Millions currently suffer from Alzheimer's disease (AD); as life expectancy increases, it will become increasingly widespread. AD results from the degeneration and death of neurons of the hippocampus and entorhinal cortex. End stage patients require continuous care, and AD is currently the sixth leading cause of death in the U.S. There is currently no cure; approved treatments, aimed at improving cognition and slowing progression, focus primarily on increasing the level of acetylcholine in the brain. Such treatments, which have serious side effects and relieve AD symptoms only for a limited time, cannot prevent neuronal death. Thus, an urgent need exists to identify novel agents that prevent AD progression by acting on targets that mediate neuronal death. The mitochondrion is such a target; excess dysfunctional mitochondria in AD-linked neurons lower energy efficiency and release reactive oxygen species contributing to neuronal death. The dysfunctional mitochondria are cleared by phosphorylation and ubiquitin-mediated autophagy (mitophagy), or degradation in auto phagosomes. The ubiquitin pathway component consists of the conjugating enzyme parkin, which tags defective mitochondria with ubiquitin for removal, and the deubiquitinating enzyme USP30, which deconjugates ubiquitin, preventing the removal of defective mitochondria. Normally, in AD patients the ability to clear defective mitochondria is overwhelmed, and replacement of parkin function by overexpression can rescue AD symptoms in vivo. Moreover, USP30 knockout has been shown to enhance parkin activity and increase mitochondrial integrity in neurons. These findings lead to the hypothesis that USP30 is a novel target for developing small molecule inhibitors for treatment of AD; USP30 inhibitors are expected to prevent mitophagy deficiency-induced neuronal death, thereby hindering progression of AD. It is proposed to identify novel modulators of USP30 by screening a diverse collection of small molecules. An enzymatic-based USP30 assay for high throughput screening (HTS) will be configured and Progenra's 220,000 compound collection will be screened. Confirmed hits will be reordered, along with a subset of related analogs, and profiled against a series of DUBs and other proteases before initiating a hit to lead optimization program. The most promising compounds from this program will be examined in cellular models of mitophagy rescue. In phase II, the most interesting compounds will be progressed to hit-to-lead medicinal chemistry optimization with associated DMPK and additional cellular and animal model studies. The commercial goal is a novel drug to treat AD.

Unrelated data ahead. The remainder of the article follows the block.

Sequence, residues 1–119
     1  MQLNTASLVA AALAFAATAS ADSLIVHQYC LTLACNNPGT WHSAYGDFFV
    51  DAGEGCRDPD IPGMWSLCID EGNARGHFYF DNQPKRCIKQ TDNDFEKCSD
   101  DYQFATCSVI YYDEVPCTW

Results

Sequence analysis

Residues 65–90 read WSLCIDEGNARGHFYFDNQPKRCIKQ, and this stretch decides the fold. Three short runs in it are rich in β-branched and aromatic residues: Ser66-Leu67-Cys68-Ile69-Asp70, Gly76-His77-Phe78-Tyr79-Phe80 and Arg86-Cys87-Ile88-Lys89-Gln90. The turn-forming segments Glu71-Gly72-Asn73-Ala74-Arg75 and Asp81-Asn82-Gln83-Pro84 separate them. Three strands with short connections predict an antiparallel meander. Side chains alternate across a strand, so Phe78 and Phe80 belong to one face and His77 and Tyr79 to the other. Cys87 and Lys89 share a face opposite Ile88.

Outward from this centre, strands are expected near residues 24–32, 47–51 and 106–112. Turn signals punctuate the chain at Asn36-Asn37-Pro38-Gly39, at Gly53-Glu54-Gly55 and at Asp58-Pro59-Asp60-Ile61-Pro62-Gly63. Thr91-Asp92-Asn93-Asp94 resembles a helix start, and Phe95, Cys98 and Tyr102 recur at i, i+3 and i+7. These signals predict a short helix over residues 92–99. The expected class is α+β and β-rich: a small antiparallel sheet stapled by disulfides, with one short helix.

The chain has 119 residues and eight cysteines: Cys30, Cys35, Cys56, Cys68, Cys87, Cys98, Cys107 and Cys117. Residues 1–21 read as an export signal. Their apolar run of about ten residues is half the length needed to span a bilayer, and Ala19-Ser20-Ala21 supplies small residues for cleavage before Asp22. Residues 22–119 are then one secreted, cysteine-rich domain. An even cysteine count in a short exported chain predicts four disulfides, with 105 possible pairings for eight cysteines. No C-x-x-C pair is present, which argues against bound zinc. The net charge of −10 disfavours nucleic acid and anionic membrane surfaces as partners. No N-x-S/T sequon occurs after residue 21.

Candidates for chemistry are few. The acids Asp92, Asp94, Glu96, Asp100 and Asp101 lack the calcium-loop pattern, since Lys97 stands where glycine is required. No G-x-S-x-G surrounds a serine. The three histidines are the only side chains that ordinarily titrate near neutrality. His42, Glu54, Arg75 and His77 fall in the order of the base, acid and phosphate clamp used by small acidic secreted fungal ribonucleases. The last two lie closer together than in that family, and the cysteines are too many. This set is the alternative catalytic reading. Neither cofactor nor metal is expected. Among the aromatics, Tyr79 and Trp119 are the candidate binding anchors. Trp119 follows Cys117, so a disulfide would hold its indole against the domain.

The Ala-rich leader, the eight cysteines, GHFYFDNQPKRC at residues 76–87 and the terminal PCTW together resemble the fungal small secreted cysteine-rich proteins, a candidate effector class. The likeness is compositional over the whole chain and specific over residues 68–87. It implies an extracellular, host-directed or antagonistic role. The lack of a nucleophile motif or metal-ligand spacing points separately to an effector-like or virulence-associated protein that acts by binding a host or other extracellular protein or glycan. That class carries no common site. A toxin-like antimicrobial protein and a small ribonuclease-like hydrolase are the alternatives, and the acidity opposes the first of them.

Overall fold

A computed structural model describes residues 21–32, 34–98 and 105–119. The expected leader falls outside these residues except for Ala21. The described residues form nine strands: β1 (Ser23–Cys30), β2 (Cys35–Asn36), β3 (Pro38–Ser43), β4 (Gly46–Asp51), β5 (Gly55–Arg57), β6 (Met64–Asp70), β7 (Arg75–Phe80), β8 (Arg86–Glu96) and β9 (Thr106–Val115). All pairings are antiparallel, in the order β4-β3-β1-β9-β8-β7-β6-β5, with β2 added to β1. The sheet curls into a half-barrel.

Alzheimer's disease (AD) is devastating in terms of mortality, morbidity, emotional strain, and cost. There is currently no cure; approved treatments address symptoms but lose efficacy over time and do not prevent neuronal death, the root cause of the disease. In the proposed project, inhibitors of a newly discovered enzyme from the ubiquitin pathway which helps to maintain neuronal cell death will be identified and tested for their ability to stop the progression of symptoms of AD in an animal model. Appropriate inhibitors will be developed as novel treatments for AD.